After coming up short in his attempt at gold last time out, Alex Gluzman has an immediate shot at redemption.
The 24-year-old Gluzman, fighting out of Hamilton, Ont., is readying for yet another chance at MFL gold.
The polarizing decision in his Olivier Poisson fight at MFL 19 was one that was discussed by many, and several observers think Gluzman should have maintained a spotless record.
“Honestly, I like Poisson. He’s a good dude. And respect to him. He made me a better fighter. But you’re not going to tell me that I lost that fight. Now, for sure I could have done things better. I could have been more active. But you’re not going to tell me I lost that fight,” said Gluzman in an interview with MMA Empire.
“Even though he had me in a corner, I basically won pretty much every exchange. I put more damage every time. He took me down once or twice and I swept him. Honestly, at this point, it’s whatever. He has a fight coming up and good luck to him. It is what it is, man. He made me better. Moving on.”
His previous bout saw him fight for Montreal Fight League gold in a different division.
Gluzman has been preparing for the 135-pound opportunity, which is his more natural division, after initially thinking 145 pounds might still be in the cards for him.
“Pretty much as soon as the promoter announced the card, immediately I asked if I can get on it,” said Gluzman.
“I think it was like two or three weeks after that. I was supposed to fight another guy for the featherweight belt, but they didn’t want it. I think it was an injury or something, so they offered me a title shot at 135. Here we are.”
That last featherweight title bid could be likely counted as a one-off at 145 pounds. The COVID training hindrances informed that weight category move, large in part.
“I went to featherweight because there’s no way I’m going to make 135 when everything is closed off during the pandemic,” said Gluzman.
“The title was also a big motivator. But now that the gyms are opening and everything, I can make ’35 easier. But I took the ’45 fight because at the time there was no way for me to make 135.”
Much like every MMA fighter in Canada, the struggles of the COVID-19 pandemic proved to be very real, closing down many gyms for a long period of time.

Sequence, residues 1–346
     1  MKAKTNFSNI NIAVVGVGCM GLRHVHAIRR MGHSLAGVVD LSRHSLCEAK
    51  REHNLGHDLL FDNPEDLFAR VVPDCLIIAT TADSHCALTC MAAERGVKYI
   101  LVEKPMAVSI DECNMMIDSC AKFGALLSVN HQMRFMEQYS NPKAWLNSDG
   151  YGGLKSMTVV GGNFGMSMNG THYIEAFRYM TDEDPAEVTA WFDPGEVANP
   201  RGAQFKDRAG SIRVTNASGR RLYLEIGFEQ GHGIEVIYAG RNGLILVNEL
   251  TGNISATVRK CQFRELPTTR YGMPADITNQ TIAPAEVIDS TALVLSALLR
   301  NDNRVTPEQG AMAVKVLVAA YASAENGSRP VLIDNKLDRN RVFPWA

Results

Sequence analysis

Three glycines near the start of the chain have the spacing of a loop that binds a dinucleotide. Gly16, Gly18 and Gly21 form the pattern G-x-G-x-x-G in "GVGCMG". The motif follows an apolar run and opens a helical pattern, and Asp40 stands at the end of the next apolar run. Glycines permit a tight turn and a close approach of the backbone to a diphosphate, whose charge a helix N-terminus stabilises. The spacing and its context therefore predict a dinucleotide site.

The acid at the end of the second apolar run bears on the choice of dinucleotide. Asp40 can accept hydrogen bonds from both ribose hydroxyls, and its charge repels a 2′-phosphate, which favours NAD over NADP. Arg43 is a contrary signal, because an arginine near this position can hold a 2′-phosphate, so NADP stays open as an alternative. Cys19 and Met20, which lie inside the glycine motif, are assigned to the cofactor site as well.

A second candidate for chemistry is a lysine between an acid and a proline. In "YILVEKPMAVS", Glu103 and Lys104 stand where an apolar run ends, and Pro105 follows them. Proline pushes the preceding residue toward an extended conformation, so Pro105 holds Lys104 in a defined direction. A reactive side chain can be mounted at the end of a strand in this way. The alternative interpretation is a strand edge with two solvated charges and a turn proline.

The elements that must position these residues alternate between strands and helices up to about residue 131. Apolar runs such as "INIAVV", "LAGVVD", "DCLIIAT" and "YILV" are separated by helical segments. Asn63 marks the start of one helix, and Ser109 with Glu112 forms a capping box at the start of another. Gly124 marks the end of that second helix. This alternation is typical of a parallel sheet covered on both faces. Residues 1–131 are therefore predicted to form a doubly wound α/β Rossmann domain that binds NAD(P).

Gluzman said it’s refreshing to see the training landscape clear up a bit as his gym, Joslin’s MMA, is seemingly returning to normal.
“The last camp was good too, actually. For more in-house training it was actually really good. But now Joslin’s is open again, all the gyms are open. There’s more people to train with. It’s better now,” said Gluzman.
After taking on the undefeated, 5-0 at the time, Poisson in his last bout, Gluzman faces another tough test in Rodrigues this weekend.
Gluzman was complimentary of his opponent when discussing the main tools Rodrigues brings to the table as a fighter.
“I think he’s one of the more well-rounded fighters in amateur right now. He’s going to be definitely a tough opponent,” said Gluzman.
“I think the only real thing that I got to be worried about with him is just his potential takedowns. Other than that I don’t really feel threatened anywhere, not to take anything away from him. He’s tough and I’m getting ready. We’re throwing down on Saturday.”
Rodrigues is currently holding down the No. 8 spot in the Canadian amateur bantamweight rankings, while Gluzman will be looking to break into the top 15 with a win.
But in spite of Rodrigues’ top-10 ranking, Gluzman said it means nothing to him.
“The rankings never matter, right? Because the rankings are based on the records. At least in amateur anyway. Pro you have a better view. But in the amateur, what I’m seeing is it’s based on records,” said Gluzman.
“Even then I think Tapology has me ranked ahead of Scott and he has a better record than me though. At the end of the day, rankings don’t really matter. A fight’s a fight. I know, from what I’ve seen, I’m prepared for what he has and I know what I have. May the best man win.”
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